On the western edge of the monsoon high parked around the Four Corners, a well-developed disturbance has been moving northwest through southwestern Nevada. So far this has brought an extensive cloud shield with it from the Bay Area to the central San Joaquin Valley and over much of western Nevada. Here are two satellite views, the first the water vapor view and the second the visible look.
This disturbance will continue to track northwest tonight so that by dawn Tuesday it is near the Napa Valley. It then moves north to just west of Redding by mid-afternoon. There are likely to be a few showers, and in places a thunderstorm, over western Nevada and up through all the Sierra. Areas west of the Sierra probably will not be totally rain-free. In the lowlands from the northern San Joaquin Valley on north, radar will show quite a bit of returns but some of that will only be falling aloft. That being said I still expect at least spotty showers with perhaps a rumble of thunder with the best chance from the Sacramento Valley to Napa Valley on north. It does not usually rain this time of year when it does this is usually how it happens. This will, unfortunately, have absolutely no effect on the ongoing drought conditions.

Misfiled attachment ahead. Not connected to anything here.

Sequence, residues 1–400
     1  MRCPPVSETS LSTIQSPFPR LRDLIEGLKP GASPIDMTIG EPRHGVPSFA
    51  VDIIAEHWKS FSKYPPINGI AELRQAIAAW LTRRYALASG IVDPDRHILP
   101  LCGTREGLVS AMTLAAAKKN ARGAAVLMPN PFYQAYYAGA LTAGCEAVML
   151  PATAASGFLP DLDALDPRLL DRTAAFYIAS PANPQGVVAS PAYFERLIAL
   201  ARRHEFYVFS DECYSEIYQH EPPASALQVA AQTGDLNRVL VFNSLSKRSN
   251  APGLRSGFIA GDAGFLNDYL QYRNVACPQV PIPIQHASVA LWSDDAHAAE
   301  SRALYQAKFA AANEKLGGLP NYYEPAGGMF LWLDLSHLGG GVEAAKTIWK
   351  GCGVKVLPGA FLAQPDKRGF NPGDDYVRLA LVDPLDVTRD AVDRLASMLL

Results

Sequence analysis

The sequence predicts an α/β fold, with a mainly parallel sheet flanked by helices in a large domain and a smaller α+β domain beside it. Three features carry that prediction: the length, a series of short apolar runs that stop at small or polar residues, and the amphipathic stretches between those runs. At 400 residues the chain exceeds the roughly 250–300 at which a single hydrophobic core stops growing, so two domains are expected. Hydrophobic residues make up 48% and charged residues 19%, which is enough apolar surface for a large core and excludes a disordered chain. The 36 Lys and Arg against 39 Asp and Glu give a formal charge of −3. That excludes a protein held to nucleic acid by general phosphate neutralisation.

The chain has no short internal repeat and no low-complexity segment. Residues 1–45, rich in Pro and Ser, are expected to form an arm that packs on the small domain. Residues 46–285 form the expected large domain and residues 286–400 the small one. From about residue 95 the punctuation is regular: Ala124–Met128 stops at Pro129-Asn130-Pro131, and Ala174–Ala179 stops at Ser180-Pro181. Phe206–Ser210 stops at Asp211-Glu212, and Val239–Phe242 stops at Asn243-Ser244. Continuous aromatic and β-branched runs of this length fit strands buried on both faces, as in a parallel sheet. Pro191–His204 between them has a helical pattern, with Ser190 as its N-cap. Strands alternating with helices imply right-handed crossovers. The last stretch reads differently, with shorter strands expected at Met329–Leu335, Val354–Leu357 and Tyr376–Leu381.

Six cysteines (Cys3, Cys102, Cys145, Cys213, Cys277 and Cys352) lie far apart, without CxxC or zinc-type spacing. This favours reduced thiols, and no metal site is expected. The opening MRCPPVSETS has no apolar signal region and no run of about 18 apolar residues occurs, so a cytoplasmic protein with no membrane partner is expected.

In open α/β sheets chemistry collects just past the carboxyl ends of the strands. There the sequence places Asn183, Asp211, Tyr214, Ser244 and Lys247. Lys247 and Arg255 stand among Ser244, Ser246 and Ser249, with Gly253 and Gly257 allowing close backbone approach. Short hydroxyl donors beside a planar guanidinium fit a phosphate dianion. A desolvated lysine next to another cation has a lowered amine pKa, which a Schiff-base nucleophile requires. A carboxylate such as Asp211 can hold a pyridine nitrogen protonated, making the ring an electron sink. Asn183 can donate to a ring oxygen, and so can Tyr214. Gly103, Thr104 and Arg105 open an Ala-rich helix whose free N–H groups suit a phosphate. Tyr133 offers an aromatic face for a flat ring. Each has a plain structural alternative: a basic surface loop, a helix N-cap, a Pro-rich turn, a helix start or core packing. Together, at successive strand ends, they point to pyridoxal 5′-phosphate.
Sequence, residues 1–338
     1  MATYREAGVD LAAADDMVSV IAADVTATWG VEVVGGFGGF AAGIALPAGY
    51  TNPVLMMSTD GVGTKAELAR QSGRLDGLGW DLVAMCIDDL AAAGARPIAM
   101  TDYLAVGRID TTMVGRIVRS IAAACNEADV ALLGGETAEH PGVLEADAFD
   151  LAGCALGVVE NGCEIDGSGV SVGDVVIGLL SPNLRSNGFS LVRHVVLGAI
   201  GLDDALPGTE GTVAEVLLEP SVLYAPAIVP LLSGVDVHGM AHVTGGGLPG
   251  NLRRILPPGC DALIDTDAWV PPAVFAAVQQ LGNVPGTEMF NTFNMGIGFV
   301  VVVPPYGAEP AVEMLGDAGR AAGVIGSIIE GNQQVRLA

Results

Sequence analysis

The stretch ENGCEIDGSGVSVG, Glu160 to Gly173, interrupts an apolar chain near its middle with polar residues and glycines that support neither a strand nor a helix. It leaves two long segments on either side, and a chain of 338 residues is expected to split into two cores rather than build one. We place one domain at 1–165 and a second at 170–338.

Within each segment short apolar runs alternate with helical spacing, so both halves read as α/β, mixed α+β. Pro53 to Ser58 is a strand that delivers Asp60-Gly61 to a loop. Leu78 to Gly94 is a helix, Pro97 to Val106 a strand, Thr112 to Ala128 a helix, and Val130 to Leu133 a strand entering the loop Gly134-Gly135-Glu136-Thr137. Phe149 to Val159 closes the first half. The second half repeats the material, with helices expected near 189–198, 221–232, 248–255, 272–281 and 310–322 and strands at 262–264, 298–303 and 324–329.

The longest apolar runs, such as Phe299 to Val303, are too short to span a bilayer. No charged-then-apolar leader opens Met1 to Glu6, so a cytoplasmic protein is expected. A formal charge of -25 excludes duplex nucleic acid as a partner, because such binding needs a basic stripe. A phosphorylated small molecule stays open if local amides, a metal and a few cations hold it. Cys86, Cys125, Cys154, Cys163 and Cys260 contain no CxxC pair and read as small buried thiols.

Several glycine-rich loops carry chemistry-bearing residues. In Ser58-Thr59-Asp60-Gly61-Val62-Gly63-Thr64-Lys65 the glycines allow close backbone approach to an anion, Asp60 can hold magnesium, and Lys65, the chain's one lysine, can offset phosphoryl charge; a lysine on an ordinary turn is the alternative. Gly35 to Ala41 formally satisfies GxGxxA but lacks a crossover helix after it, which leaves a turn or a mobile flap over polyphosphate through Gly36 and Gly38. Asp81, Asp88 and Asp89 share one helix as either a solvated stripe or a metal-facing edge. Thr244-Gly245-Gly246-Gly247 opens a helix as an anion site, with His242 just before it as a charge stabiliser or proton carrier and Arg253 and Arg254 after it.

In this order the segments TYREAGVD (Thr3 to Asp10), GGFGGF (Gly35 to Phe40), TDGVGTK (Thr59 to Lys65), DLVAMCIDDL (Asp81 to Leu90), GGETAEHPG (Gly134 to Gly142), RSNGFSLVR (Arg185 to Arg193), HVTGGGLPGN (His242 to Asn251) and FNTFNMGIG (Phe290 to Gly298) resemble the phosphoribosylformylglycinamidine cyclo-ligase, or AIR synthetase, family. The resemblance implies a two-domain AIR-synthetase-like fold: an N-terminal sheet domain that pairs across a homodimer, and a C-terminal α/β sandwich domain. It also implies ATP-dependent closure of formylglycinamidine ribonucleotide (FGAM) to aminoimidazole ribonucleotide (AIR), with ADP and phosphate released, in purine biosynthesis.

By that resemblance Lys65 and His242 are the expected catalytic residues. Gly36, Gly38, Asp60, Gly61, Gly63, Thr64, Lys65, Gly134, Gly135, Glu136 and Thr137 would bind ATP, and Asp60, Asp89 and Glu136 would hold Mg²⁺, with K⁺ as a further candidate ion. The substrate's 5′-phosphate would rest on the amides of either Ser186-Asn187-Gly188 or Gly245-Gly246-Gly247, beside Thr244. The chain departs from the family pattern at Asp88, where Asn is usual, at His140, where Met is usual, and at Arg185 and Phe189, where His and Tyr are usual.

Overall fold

Clouds and moisture will increase in southern to south-central Oregon late tonight and tomorrow, and I expect scattered showers and a thunderstorm in these areas too, especially in the afternoon.
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A powerful second punch is offshore right now and comes inland during the early morning hours. It will bring moderate to heavy rain for the Friday morning rush.
The main storm will move in off the Pacific Thursday and Friday.
Last year by the end of April the drought in California was very bad. Since then it has become even worse.
A big change is coming to California Sunday into next week.
Populated areas are going to have problems. Expect local wind damage in addition to travel problems for high-profile vehicles.
As far as April storms go this will be a decent one